How many times have you heard yourself say this?
And I bet you wish you could say that little word. To those requests that take your time, that you don’t really feel like doing but you say ‘yes’ to anyway.
How much do you enjoy those activities you agree to with such reluctance? How much resistance or resentment is there in your system when you do them?
I get it. I used to think I couldn’t say no either. I ended up working countless hours, many nights, felt SUPER frustrated, annoyed, RESENTFUL, exhausted, overwhelmed with everything I’d promised to do. I didn’t love my life. The worst was, I didn’t think I could change anything.
One day, a question from a colleague stopped me in my tracks. I had SO MUCH to do. As usual. This time, I was in tears. I couldn’t see a way out of the mess. I felt trapped.
“Liesel, WHO gave you all this work?”, she asked.
I had to sit quietly and take that in. I knew, suddenly. It was ME. I had volunteered for every single piece of it. I was feeling ‘noble’ at the time, rescuing other people, thinking I could do it better or smarter.
That day I GOT it. I was doing this to myself. I made changes, took a few things off my plate. I could breathe again.
Until the NEXT time I found myself in a similar, extremely tight spot. That was on an NLP course where I was again confronted with this pattern – and how I perpetuate it – in TECHNICOLOUR.
Once and for all I got that if I wanted to make permanent changes, I was going to have to be totally honest with myself about all the patterns running ME under the surface. I couldn’t treat the symptoms anymore, take a few things off my plate, and then repeat the same old behaviour again. I’d have to find the ROOT CAUSES (all of them) and start making changes from the inside out.
Does this feel familiar?
First, you have my empathy. Big compassion. It can be a painful repetitive pattern.
Second, there are solutions! Take heart. You CAN say no. You currently FEEL like you can’t, because it’s been ingrained in you. On some levels it doesn’t feel safe, you’re scared you’ll annoy someone, or there will be conflict, or someone won’t love you anymore, or someone will think badly of you, or you’ll disappoint or hurt someone. Or a number of other reasons.
Here’s what you need to do to learn to say no:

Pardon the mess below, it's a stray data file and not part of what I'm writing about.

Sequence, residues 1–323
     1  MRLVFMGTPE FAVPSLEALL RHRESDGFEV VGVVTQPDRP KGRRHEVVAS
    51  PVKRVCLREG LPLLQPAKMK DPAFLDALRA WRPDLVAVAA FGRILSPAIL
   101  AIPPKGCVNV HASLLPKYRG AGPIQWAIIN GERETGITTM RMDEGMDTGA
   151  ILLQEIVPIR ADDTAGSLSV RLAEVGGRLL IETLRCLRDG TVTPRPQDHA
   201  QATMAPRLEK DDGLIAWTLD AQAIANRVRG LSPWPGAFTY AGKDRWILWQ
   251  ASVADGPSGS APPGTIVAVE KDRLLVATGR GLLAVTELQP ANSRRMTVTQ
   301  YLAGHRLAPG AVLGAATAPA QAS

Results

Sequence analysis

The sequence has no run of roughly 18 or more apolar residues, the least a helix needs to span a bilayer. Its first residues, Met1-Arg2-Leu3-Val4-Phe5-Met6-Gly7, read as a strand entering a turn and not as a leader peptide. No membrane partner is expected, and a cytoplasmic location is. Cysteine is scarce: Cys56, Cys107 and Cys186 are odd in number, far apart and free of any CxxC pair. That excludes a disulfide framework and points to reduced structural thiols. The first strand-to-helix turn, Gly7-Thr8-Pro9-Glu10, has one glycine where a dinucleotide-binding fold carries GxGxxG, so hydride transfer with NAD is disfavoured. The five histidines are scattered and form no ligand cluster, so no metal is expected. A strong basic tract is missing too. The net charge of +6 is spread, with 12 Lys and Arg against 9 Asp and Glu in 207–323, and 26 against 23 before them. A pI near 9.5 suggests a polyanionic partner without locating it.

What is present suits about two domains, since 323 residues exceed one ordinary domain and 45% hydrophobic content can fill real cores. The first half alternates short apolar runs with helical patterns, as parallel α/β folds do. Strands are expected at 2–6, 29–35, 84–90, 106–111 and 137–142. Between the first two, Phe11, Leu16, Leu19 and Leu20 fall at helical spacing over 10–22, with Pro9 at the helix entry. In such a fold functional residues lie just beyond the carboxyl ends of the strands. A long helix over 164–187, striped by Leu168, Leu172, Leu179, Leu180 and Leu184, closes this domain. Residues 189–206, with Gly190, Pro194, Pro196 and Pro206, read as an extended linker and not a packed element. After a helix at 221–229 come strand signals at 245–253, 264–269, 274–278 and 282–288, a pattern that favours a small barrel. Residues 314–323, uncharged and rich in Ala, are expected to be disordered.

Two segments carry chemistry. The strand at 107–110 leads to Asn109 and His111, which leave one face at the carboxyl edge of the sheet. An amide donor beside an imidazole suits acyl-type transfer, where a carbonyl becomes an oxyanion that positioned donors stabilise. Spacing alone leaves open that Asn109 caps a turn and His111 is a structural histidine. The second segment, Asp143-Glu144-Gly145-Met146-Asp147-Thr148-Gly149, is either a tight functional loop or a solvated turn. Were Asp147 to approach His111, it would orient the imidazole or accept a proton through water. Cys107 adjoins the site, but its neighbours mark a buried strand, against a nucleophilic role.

- Work on clearing the beliefs in your subconscious mind that are telling you it’s not a good thing to say no. Probably 95% of the “I can’t say no” feeling is EMOTIONAL. Internal messages and beliefs that it’s not okay. You can work on those subconscious beliefs with a tool like EFT or The Sedona Method, or TAT. Anything to clear up the emotional charge around events in the past that told you it’s not safe.
- There are ways to say no that are compassionate, respectful and easy. Sometimes we need to learn a SKILL after we’ve overcome the emotional reluctance to do it. I’ve found around 21 ways to say ‘no’ to a request in a way that keeps the communication channels open, and lets you AND the other person feel good.
- Have compassion, patience and love for yourself on the journey. Even with the best of intentions to change, you will make mistakes and think “I did it AGAIN”. That’s completely normal. Changing patterns take patience, persistence, compassion and love. And a whole lot of forgiveness.
How would it be for YOU to be able to say “YES!” when you REALLY want to, and “No, thank you, not now” with no drama, and be totally okay with either answer? What freedom could that bring? How would that change your life?
I’m here to let you know that the thought “I can’t say no” IS NOT TRUE. It’s a thought for you right now that might FEEL true. There’s a difference.
For a free 30 minute “You CAN Say No” Assessment, book here.
We’ll identify some of the root causes, and your next few steps to change it, so that you can have FREEDOM again, and say yes only when you really want to. Without the guilt.
Liesel helps sensitive introverts to see their sensitivity as a superpower, love their work and practice awesome self-care so they can be energized and make a difference in a meaningful and fulfilling way. She helps them to overcome the fear of being visible, avoiding the spotlight and conflict, being ‘too nice’, perfectionism and procrastination.
She’s the author of “No Problem. The Upside of Saying No”, which is a handbook for those who struggle to say no, are overwhelmed and exhausted.
Click here to read about the book.